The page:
The welcome mat is being extended to campers in Central Otago but freedom campers will be steered towards conservation land and reserves.
The Central Otago District Council has developed its first draft strategy on camping options in the district and the discussion document is open for public submission.
"As councillors, we'd love some feedback from our constituents on what they really want in this area when it comes to camping, so we have an understanding about what the residents, as well as the campers, think," Cr Tony Lepper said at yesterday's council meeting.
The strategy has been developed to address concerns about the impacts of camping, the council's community development manager, Mathew Begg, said.
Significant amounts of freedom camping occurred on Linz and Department of Conservation-administered marginal strip land around the lakes and river margins. Doc supported freedom camping on public conservation land.
The strategy suggested there be no active marketing of freedom camping in the district.
Cr Lepper said camping grounds throughout the district were crammed at the peak of summer, when demand was highest.
Cr John Lane said the biggest hassle in the Roxburgh ward was seasonal workers camping on the road reserve while they were working on nearby orchards, because of the lack of accommodation.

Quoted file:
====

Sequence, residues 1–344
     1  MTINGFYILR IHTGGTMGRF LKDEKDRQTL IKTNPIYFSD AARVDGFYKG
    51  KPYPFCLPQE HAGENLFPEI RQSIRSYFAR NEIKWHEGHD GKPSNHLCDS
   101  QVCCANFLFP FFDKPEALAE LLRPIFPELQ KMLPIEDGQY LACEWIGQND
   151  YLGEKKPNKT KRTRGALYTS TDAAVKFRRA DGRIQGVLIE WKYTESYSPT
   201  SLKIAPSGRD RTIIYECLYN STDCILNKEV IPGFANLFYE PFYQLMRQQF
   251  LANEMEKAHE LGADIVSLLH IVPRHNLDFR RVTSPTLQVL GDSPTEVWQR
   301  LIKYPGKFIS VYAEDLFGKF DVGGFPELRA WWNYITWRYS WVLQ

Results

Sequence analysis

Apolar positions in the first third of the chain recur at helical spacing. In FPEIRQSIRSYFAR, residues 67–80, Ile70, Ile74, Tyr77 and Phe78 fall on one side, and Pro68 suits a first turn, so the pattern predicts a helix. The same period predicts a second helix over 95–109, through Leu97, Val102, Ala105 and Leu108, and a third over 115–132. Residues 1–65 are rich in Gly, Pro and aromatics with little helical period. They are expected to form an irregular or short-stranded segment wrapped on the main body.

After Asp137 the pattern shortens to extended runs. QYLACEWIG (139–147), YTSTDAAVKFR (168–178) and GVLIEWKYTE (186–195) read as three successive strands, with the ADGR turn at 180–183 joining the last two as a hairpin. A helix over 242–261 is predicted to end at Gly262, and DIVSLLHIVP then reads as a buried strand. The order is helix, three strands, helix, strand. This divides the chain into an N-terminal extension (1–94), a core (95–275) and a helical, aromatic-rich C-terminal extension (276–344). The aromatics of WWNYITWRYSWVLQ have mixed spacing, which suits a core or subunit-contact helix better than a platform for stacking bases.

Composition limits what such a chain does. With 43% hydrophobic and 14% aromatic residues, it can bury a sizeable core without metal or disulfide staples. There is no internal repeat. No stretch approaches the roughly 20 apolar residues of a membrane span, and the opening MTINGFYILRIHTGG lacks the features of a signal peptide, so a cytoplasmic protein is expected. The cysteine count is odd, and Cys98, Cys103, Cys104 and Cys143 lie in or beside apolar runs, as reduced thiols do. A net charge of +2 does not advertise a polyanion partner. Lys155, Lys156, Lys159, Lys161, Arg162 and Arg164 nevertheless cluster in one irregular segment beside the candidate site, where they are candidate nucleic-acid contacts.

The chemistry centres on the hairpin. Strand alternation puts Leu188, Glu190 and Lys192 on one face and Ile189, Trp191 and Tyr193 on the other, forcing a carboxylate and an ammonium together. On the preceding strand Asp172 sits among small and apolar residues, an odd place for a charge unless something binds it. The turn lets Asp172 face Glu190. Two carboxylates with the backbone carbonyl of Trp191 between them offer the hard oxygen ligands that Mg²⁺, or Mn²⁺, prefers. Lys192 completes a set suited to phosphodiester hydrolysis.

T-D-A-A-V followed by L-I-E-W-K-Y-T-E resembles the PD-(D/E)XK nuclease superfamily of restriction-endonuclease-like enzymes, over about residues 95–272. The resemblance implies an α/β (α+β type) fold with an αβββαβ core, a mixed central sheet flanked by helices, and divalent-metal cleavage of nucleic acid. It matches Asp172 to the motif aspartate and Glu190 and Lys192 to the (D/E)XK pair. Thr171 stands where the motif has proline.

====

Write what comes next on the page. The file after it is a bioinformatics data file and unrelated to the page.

"I don't believe Joe Average is going to respond to this and I wonder if we've put the cart before the horse; if we need to know what our constituents want before we form the strategy.
"The biggest flak we got when we put out the original freedom camping document was from camping ground operators."
The council's district development manager Anne Pullar said there was a massive increase in freedom camping in the district last year but nearly all the camping grounds in the district also reported increased demand.
"In this document, there's a call for additional facilities, but who would bear the cost of that?" Cr Steve Battrick asked.
Cr Gordon Stewart said it was important to get a "buy-in" from Linz for the strategy.
"There's also no indication in it, if rules are established and policy set, who goes out to do the policing."
Cr Barry Becker said: "We need to set up rules for these people because they camp in some awful funny places".
Central Otago mayor Malcolm Macpherson said the increase in freedom camping and the "odd places" overseas visitors camped was because they viewed the area on a computer "sitting in a cafe in Paris, maybe, and they see a spot they like and come here and drive to that spot, using GPS."
> Covers demand for camping, services and locations.
> Notes growing demand for camping sites, dump stations, and limited-service sites.
> Suggests extra sites be developed with limited services: water and toilets, but no electricity.
> Guidelines should be developed for such camping, with "more active management".
> No active marketing of freedom camping.
> Concerns about fire risk in summer, overcrowding in some areas, water quality.
> Copies of strategy available from council website, offices and libraries.
> Submissions close on July 23.